Guideway design

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This topic contains 5 replies, has 6 voices, and was last updated by  Anonymous 3 years, 7 months ago.

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    Questions relating to the guideway design of ATN (Automated Transit Networks)



    PRT suppliers tend to project minimal concepts for guideway to keep cost low. The result is often stark and unappealing, when local artists could be engaged to make them attractive and community-friendly. PRT advocates usually present the guideway de facto elevated, when it is often critical to put some sections underground and large stretches could be protected at- or near grade – less expensive than elevated. Does anyone have good images of aesthetic designs?



    There probably aren’t many renderings available of at grade or underground designs. Most likely the main reason behind this is that guideways at grade are less visually intrusive and hence perceived to be less of an issue. As a company we’ll add this to the list of renderings that we will still produce – once available, we’ll be sure to forward them to you.



    I think some were generated for the Heathrow project. I will see if I can find them and post them



    Arup have done some work in this area. I’ll also see if I can find them and post them.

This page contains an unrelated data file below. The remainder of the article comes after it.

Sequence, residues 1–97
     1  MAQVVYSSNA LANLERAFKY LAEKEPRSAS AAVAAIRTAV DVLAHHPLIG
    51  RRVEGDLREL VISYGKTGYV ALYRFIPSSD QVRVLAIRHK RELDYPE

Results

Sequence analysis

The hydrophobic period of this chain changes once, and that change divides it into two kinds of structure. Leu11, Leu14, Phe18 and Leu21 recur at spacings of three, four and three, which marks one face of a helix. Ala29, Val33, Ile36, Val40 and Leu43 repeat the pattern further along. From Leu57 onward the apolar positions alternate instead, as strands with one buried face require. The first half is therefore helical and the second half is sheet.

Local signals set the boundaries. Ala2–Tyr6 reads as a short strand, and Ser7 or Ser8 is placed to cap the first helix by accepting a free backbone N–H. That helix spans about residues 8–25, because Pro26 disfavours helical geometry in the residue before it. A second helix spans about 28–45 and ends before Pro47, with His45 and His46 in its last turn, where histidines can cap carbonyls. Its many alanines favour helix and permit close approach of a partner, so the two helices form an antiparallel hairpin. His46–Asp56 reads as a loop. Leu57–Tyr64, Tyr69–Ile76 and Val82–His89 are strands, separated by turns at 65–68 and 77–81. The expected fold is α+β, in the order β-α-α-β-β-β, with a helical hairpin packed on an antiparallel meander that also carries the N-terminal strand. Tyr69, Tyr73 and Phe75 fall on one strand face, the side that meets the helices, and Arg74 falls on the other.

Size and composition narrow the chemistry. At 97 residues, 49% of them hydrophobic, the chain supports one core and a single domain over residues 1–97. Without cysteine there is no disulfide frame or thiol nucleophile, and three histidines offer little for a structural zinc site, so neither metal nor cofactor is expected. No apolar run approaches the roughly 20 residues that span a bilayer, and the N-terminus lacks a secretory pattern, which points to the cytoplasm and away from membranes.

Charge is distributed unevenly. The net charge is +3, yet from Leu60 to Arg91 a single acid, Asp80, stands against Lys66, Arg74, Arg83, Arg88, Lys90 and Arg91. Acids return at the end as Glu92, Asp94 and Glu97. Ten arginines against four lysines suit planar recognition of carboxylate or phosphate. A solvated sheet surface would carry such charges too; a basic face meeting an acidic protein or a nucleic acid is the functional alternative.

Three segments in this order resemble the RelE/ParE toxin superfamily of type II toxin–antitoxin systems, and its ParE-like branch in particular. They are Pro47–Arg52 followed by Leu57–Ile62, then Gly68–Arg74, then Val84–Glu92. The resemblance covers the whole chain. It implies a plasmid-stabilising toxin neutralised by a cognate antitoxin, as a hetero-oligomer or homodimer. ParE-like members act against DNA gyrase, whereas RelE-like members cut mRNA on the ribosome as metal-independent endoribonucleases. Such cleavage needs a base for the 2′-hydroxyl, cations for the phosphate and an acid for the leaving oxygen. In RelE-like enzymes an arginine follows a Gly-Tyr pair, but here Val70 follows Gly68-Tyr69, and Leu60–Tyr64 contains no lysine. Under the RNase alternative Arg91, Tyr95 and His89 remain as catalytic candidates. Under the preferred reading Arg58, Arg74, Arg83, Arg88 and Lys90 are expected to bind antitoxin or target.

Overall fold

It seems to me that most ‘dreamers'(including me) who have ‘designed’ a solution have the ‘cart in front of the horse’. Before we can propose a solution we must define clearly the problem or problems we are trying to solve. Do we want to reduce the number of cars in cities or do we just want to get them there faster? Do we want to make everybody buy a ‘special’ car to drive on pour solution? There should be some form of ‘standards’ that all designers can design around. I feel that what is needed is two solutions, one to reduce the number of cars in cities (PRT) and another to move cars between cities faster and safer (DM or SM). I would propose that all interested parties gather in one location to begin the process of clearly defining the problem or problems. When this is done they would move into defining in a general way solutions to the defined problem. more details

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